We recommend that clients prioritize their own needs first—and work with their children to find win-win solutions for funding education. This may require students to work and contribute and/or earn scholarships, or it may guide them into choosing less expensive options. There are valid questions as to whether a private school education is worth the cost for many students.
Solving the Financial Literacy Crisis
“Financial illiteracy is a plague that has infected the majority of Americans,” one planner involved in the Financial Wellness study said. “The whole topic is very arcane to them. I try to guide them toward financial stability and economic freedom in their retirement years.”
So, what factors help people improve financial literacy and money management skills?
Get advice. Clients don’t always take the advice given to them, but those seeking out professional advice will do better than their peers. A recent study reported in The Globe and Mail showed multiple advantages to working with an advisor, including:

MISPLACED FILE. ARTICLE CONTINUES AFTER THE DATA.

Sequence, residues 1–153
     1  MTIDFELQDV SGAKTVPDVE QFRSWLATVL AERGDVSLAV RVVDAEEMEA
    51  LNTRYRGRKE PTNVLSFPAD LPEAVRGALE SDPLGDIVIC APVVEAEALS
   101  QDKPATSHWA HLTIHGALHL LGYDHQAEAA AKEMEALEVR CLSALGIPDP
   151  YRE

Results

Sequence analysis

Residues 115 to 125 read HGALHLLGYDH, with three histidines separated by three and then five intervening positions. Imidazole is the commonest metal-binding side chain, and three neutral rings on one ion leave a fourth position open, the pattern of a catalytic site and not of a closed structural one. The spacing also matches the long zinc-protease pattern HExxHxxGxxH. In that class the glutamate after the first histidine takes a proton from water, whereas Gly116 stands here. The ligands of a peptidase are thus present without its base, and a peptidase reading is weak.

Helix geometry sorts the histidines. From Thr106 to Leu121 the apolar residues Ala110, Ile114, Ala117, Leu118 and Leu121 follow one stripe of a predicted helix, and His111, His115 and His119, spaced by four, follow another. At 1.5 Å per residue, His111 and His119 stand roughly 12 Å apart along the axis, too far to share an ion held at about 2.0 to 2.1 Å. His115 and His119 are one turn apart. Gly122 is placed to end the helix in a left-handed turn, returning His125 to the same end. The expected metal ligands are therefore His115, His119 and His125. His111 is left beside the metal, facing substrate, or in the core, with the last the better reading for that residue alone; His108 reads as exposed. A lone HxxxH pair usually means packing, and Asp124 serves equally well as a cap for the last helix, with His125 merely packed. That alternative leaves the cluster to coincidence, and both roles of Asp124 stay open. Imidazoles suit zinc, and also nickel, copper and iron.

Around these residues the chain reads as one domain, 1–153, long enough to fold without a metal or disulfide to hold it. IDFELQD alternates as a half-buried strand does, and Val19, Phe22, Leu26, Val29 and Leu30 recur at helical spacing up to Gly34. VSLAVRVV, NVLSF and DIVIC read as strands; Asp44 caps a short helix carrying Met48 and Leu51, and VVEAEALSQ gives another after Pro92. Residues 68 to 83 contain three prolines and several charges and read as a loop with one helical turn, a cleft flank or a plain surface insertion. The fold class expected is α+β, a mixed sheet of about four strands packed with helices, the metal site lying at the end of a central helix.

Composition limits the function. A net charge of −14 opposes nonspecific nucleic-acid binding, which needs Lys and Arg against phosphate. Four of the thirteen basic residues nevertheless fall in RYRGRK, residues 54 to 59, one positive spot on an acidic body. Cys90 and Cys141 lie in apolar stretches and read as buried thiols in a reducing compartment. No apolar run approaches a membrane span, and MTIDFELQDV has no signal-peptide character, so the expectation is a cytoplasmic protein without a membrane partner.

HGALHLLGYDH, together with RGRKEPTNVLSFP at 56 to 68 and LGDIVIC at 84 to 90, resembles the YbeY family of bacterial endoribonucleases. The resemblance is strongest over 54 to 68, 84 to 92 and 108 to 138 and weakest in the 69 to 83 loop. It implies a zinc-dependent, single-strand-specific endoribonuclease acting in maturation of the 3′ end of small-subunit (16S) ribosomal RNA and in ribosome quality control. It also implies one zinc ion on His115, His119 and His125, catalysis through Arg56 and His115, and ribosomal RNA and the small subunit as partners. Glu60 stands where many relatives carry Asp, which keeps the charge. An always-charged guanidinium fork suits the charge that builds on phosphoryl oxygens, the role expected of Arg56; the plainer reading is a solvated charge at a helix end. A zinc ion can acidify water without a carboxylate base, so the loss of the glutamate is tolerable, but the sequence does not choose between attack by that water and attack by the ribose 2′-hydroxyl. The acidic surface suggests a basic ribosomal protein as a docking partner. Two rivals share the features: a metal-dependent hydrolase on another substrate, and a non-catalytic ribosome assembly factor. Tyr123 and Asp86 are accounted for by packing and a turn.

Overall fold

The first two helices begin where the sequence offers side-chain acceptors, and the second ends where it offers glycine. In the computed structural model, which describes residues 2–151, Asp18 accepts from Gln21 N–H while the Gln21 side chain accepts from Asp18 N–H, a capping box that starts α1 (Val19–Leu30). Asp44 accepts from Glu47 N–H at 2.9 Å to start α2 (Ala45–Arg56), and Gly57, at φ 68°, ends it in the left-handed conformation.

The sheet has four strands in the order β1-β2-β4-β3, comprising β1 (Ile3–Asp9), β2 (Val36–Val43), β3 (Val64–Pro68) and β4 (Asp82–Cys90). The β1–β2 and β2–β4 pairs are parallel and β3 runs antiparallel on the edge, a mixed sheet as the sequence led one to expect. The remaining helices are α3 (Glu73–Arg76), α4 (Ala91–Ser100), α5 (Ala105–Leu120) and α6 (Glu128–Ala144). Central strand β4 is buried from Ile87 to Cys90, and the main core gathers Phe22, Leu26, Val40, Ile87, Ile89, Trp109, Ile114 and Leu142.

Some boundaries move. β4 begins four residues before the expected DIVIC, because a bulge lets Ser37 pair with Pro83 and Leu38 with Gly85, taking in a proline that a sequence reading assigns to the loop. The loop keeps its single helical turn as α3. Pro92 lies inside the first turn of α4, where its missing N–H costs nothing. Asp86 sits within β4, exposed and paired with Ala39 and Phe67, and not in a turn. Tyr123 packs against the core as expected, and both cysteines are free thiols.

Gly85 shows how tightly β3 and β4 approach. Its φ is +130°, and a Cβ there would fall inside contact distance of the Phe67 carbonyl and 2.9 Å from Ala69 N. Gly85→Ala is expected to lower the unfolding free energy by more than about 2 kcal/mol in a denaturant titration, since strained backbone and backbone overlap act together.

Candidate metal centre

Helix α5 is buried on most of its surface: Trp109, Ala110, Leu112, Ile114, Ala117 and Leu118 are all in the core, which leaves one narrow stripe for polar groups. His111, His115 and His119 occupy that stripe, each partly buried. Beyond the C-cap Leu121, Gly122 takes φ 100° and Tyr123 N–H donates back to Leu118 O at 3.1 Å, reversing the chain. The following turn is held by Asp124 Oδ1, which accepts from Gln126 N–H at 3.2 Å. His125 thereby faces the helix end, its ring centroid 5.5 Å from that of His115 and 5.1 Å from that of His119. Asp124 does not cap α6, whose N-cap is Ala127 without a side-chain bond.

- higher returns in self-directed accounts
- greater diversification of assets
- less risk and more balance in portfolios
Grow up. Simply put, maturity helps! Older investors were less likely to be underinsured and more likely to have savings.
Educate yourself. Too many Americans focus only on saving in a 401(k) and/or IRA, or rely on investing apps that put their dollars into mutual funds and etf’s, while remaining naïve to other aspects of finances. Education and information is needed, along with curiosity and personal responsibility.
We recommend that every investor make learning about finances a regular part of life. Read—or listen to—a book a month about money. You can find books published by the Prosperity Economics Movement here. Consider different viewpoints. Ask questions. While professional advice IS important and helpful—ultimately no one will care about your money more than you!